CEOs reveal top threats to organisational resilience

- Leadership - Jan 21, 2016

Research conducted by BSI has revealed that three fifths of global CEOs believe continuing economic uncertainty will lead to compromises in the ability of their organisation to maintain high standards.

The report, which explores the top threats to organisational resilience, shows that macroeconomic uncertainty ranked top, ahead of disruptive competition and information security.

The 120 CEOs polled reveal how fragile modern operations with global supply chains are. Two thirds (64 percent) of bosses admit that the concept of organisational resilience is inconsistently understood across their business, despite 70 percent believing it to be vital to the long-term viability of their operation.

The research also found that North American firms are more than twice as likely as European firms to have boosted the quality of their products and services through organisational resilience, something that is most commonly held back by short-term financial thinking, a lack of skills and a failure to focus on the management of resilience.

Howard Kerr, Chief Executive of BSI commented: “CEOs may become so risk averse that they’re not only missing out on opportunities, but potentially undermining the long-term resilience of their organisations. Leaders need to have confidence in the ability of their team to remain agile and adaptive, while maintaining robust processes in the face of uncertainty. Ultimately today’s challenging conditions offer an opportunity to forge stronger team dynamics and delivery.”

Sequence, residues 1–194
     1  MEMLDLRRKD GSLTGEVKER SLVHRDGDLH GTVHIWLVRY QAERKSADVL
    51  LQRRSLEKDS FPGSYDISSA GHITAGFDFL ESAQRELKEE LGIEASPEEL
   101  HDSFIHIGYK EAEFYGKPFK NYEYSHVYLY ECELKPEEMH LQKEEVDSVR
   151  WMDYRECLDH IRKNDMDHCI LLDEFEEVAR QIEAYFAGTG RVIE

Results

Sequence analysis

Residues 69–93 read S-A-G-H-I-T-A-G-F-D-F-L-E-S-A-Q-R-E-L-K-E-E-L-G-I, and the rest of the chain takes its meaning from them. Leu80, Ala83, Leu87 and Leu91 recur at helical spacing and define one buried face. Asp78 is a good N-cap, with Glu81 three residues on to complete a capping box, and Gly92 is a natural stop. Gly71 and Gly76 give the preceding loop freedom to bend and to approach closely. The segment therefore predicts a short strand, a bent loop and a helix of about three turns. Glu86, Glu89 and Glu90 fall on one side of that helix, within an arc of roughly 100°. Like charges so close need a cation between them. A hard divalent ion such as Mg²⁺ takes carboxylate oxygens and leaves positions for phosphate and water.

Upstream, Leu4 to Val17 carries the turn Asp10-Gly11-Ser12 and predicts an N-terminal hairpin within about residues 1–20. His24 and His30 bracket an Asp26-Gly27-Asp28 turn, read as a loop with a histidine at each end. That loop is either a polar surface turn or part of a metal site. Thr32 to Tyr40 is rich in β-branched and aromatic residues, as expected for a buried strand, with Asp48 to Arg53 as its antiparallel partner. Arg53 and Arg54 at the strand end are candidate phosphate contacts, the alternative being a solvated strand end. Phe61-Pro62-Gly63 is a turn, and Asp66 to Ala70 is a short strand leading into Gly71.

Product quality control scandals at more specialist organisations/suppliers have led to serious repercussions for the firms they supply.  For example, Honda was recently forced to recall almost 25 million cars due to issues with faulty airbags. The BSI research reveals the consequence of such activities and shows that the majority of firms both large and small worry about compromising standards. Just a quarter (24 percent) of CEOs at firms with revenues under $500 million per annum are totally satisfied with their organisation’s quality control processes, while this rises to only a third (31 percent) at larger firms.

Worldwide more than half of CEOs (52 percent) attributed failures in organisational resilience to a lack of skills amongst their workforce. In a signal as to the importance of the issue, more than half (57 percent) of CEOs take personal responsibility for driving organisational resilience across their business. Just a quarter (25 percent) entrusted responsibility to colleagues below C-level in their seniority.

Kerr concluded: “Change must be led from the top. Organisations can be surprisingly naive, ignoring advice and best practice until they experience a setback themselves. CEO resignations aren’t just token sacrifices; they are a symptom of a wider malaise. Adapting and coping with change is a team effort, based on a culture of excellence across people, products and processes. True leaders recognize that Organisational Resilience is a strategic imperative across the whole business.”

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